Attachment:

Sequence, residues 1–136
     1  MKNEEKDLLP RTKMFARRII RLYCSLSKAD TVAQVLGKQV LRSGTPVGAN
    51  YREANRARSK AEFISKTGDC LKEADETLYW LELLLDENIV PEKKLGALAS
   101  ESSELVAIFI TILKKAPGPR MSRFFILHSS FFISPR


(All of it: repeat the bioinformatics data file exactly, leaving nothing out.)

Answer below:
Sequence, residues 1–136
     1  MKNEEKDLLP RTKMFARRII RLYCSLSKAD TVAQVLGKQV LRSGTPVGAN
    51  YREANRARSK AEFISKTGDC LKEADETLYW LELLLDENIV PEKKLGALAS
   101  ESSELVAIFI TILKKAPGPR MSRFFILHSS FFISPR